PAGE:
Model Eliciting Activities, MEAs, are open-ended, interdisciplinary problem-solving activities that are meant to reveal students’ thinking about the concepts embedded in realistic situations. MEAs resemble engineering problems and encourage students to create solutions in the form of mathematical and scientific models. Students work in teams to apply their knowledge of science and mathematics to solve an open-ended problem, while considering constraints and tradeoffs. Students integrate their ELA skills into MEAs as they are asked to clearly document their thought process. MEAs follow a problem-based, student-centered approach to learning, where students are encouraged to grapple with the problem while the teacher acts as a facilitator. To learn more about MEA’s visit: https://www.cpalms.org/cpalms/mea.aspx

In this Model Eliciting Activity, MEA, students will create a procedure for ranking pool construction companies based on the number of years in business, customer satisfaction, and available pool dimensions. In a “twist,” students will be given information about discounts available by each company. Students will evaluate their procedure for ranking and change it if necessary.

Model Eliciting Activities, MEAs, are open-ended, interdisciplinary problem-solving activities that are meant to reveal students’ thinking about the concepts embedded in realistic situations. MEAs resemble engineering problems and encourage students to create solutions in the form of mathematical and scientific models. Students work in teams to apply their knowledge of science and mathematics to solve an open-ended problem, while considering constraints and tradeoffs. Students integrate their ELA skills into MEAs as they are asked to clearly document their thought process. MEAs follow a problem-based, student-centered approach to learning, where students are encouraged to grapple with the problem while the teacher acts as a facilitator. To learn more about MEA’s visit: https://www.cpalms.org/cpalms/mea.aspx

In this MEA, students will rank pets from most family-friendly to least family-friendly by considering data such as purchase price, cost to feed, cleanliness, etc. as well as notes regarding the physical description of the pet. In the twist, students will be given information on additional pets as well as information on cleanliness and life expectancy. Students may need to make trade-offs in regards to cost to adopt, feed, and house along with life expectancy, ease of clean up, etc.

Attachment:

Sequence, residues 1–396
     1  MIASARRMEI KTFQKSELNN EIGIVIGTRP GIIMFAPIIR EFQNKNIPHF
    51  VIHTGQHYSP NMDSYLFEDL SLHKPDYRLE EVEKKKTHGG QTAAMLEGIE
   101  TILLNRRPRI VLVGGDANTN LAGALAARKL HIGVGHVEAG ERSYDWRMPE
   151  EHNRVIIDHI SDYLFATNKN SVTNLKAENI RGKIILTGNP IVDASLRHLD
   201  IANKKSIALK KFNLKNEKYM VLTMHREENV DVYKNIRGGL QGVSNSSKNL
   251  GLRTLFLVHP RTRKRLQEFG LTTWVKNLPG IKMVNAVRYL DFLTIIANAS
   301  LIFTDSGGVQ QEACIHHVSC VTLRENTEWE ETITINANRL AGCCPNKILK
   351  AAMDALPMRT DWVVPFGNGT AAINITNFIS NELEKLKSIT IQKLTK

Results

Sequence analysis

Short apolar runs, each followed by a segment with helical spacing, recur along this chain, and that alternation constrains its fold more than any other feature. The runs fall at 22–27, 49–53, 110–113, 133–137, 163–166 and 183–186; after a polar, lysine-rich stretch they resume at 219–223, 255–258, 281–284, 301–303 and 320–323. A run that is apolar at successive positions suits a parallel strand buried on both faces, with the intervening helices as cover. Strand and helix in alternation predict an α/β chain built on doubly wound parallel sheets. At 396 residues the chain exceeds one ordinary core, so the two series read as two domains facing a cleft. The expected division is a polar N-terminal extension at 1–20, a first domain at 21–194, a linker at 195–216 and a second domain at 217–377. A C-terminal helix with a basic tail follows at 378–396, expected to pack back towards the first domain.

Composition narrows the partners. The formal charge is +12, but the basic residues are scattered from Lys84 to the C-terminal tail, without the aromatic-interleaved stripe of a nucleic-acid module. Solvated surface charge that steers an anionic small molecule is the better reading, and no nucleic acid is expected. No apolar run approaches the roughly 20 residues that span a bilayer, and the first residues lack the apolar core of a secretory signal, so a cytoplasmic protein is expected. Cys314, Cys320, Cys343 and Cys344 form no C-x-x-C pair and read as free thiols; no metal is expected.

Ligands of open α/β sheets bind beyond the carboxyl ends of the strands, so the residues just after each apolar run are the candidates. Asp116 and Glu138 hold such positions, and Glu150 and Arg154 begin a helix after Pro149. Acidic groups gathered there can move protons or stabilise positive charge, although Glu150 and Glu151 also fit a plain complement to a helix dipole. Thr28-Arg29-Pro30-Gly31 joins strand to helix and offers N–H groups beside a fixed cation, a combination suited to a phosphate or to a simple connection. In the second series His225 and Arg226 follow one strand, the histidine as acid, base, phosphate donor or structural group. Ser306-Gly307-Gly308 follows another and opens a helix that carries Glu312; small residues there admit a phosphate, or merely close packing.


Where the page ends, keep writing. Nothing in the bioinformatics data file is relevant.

Model Eliciting Activities, MEAs, are open-ended, interdisciplinary problem-solving activities that are meant to reveal students’ thinking about the concepts embedded in realistic situations. MEAs resemble engineering problems and encourage students to create solutions in the form of mathematical and scientific models. Students work in teams to apply their knowledge of science and mathematics to solve an open-ended problem, while considering constraints and tradeoffs. Students integrate their ELA skills into MEAs as they are asked to clearly document their thought process. MEAs follow a problem-based, student centered approach to learning, where students are encouraged to grapple with the problem while the teacher acts as a facilitator. To learn more about MEA’s visit: https://www.cpalms.org/cpalms/mea.aspx

In this Model Eliciting Activity, MEA, students will help the Sweet Donut Shop determine what the newest donut will be. Students are given the cost to make each batch along with the selling price and are asked to determine the profit for each batch. Students create a procedure for ranking the donuts and write a letter explaining the procedure and the ranking. In the “twist” students are provided the starting and finishing times for each batch. They must determine the total amount of time, decide if their procedure should change based on the new information, and write a letter explaining whether the procedure changed and the new ranking of the donuts.

## Student Resources

## Problem-Solving Task

It is common for students to compare multi-digit numbers just by comparing the first digit, then the second digit, and so on. This task includes three-digit numbers with large hundreds digits and four-digit numbers with small thousands digits so that students must infer the presence of a 0 in the thousands place in order to compare. It also includes numbers with strategically placed zeros and an unusual request to order them from greatest to least in addition to the more traditional least to greatest.

Type: Problem-Solving Task

## Parent Resources

## Problem-Solving Task

It is common for students to compare multi-digit numbers just by comparing the first digit, then the second digit, and so on. This task includes three-digit numbers with large hundreds digits and four-digit numbers with small thousands digits so that students must infer the presence of a 0 in the thousands place in order to compare. It also includes numbers with strategically placed zeros and an unusual request to order them from greatest to least in addition to the more traditional least to greatest.

Type: Problem-Solving Task